Jackson 2Bears moves from alumni to Audain

Fine Arts

- John Threlfall

When it comes to the Department of Visual Arts, Jackson 2Bears is not the typical Audain Professor of Contemporary Arts of the Pacific Northwest. Although he has yet to achieve the international reputation of previous Audain professors Rebecca Belmore, Michael Nicol Yahgulanaas and Nicholas Galanin, he is the first UVic alumnus to be appointed to the position.

A Kanien’kehaka (Mohawk) artist, 2Bears works with new media, interactive installations and multimedia performances to reflect on issues of racism, colonialism, discrimination, Indigenous subjectivity and Native stereotypes. A frequent face around campus, he has previously taught for both Visual Arts and the Pacific Centre for Technology and Culture. “I’ve been at UVic a long time, both as a Masters and a PhD student, so part of my role is to bring some of those other areas and people together with Fine Arts,” he says. “My personal project is to start plugging the Audain position a bit more into the rest of the university.”

2Bears describes his current practice as focusing on “the aesthetics of Indigenous identity in contemporary times. I envision my practice as a form of cultural critique in which I explore alternative ways to engage with the question of Native spirituality in our modern, technological society.” Yet he sees no clash between traditional First Nations art and the more contemporary practice the Audain position was created to highlight. “It’s a strange misconception of the traditionalists that Indigenous culture happened a long time ago—that we’re always having to go back to the past,” he says, paraphrasing noted American Indian author Vine Desloria Jr. “But a crucial part of our tradition is change, transformation, evolution.”

2Bears also embraces change in his teaching. “One thing I learned from Taiaiake Alfred in the Indigenous Governance program was about encouraging non-Indigenous students to approach things from their own perspectives,” he says. “We all participate in this landscape called Canada, so it’s not about imagining themselves as an Indigenous person, but approaching things from their own cultural backgrounds.”

When asked what he’ll bring to his Audain seminars—created in 2009 as part of a $2-million gift from celebrated BC art philanthropist Michael Audain and the Audain Foundation—2Bears doesn’t hesitate. “The course is meant to be quite organic and geared toward whoever is teaching it and their specialty,” he says. “For me, that means an interest in contemporary First Nations art and an interest in larger social and political issues.”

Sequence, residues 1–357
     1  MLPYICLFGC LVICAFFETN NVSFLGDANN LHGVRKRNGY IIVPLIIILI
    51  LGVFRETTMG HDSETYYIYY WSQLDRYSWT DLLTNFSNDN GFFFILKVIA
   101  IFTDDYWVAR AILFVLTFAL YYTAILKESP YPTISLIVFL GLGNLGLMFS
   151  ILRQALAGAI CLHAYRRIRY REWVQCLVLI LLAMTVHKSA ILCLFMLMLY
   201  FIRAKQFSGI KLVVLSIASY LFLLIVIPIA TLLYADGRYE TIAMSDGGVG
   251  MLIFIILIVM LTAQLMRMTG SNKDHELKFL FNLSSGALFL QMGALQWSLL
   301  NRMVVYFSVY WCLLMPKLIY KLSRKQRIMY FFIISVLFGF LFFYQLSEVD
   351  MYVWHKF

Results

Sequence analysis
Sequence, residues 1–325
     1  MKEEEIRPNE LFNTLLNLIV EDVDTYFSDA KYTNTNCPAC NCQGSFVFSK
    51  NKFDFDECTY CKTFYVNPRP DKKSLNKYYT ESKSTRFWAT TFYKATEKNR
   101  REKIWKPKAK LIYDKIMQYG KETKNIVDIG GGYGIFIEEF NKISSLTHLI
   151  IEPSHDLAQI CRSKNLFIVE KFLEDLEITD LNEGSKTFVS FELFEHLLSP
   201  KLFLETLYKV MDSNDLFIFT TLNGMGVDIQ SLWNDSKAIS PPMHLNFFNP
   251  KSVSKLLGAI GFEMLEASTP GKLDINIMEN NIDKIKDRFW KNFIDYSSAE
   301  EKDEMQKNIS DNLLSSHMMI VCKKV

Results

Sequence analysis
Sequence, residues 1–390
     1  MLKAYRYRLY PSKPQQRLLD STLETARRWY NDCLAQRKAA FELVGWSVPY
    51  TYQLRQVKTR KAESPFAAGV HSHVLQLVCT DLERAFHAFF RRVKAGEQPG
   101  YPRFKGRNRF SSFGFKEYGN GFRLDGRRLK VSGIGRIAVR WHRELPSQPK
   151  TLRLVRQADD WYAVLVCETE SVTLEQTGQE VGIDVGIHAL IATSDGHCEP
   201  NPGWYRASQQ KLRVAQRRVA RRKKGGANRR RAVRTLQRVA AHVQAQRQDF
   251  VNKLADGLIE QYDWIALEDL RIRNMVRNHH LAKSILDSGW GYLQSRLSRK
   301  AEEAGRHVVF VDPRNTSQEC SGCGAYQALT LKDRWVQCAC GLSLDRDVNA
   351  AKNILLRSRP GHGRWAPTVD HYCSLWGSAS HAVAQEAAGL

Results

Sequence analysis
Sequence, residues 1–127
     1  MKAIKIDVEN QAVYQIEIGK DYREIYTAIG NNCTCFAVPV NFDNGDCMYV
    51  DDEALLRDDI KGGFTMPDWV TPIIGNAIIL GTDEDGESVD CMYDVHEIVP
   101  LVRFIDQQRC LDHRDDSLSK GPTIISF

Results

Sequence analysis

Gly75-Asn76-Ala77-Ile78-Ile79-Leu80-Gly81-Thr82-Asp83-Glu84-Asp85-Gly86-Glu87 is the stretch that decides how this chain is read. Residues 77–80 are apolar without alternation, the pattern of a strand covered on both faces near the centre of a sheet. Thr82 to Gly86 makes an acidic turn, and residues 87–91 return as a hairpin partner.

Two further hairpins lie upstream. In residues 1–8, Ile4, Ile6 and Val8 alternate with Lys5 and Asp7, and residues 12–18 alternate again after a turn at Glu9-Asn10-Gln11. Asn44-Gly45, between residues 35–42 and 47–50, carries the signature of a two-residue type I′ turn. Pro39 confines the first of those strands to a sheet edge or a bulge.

It will also mean exposing his students to his own performance art. Primarily inspired by electronic music and DJ/VJ culture, 2Bears uses remix as a tool for cultural critique. “A lot of what I’ve been doing over the past few years is live cinema—scratch video, I call it,” he explains. “Picture a DJ with turntables, but instead of just scratching music you can play video: spinning the turntables backwards and forward, using the mixer not just for volume but also for brightness and cross-fading. What I want to do as an artist-in-residence is build some sort of video synthesizer, where I take an analogue keyboard and make it not only produce sound but video as well. I’m also working on some pow-wow drums that will project video images when you play them.”

Beyond instilling a greater appreciation for contemporary Indigenous art, 2Bears sees the artist-in-residence aspect as a key aspect of the Audain position. “It’s good for the students to see their professors struggling with the same decision-making processes, how to actually produce art. It’s too easy for students to see professors as really successful artists where they work hidden away in their studios—but it’s really fantastic to be involved in a more community-like aspect. It changes that whole professor-student relationship.”


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Keywords: visual arts, Indigenous

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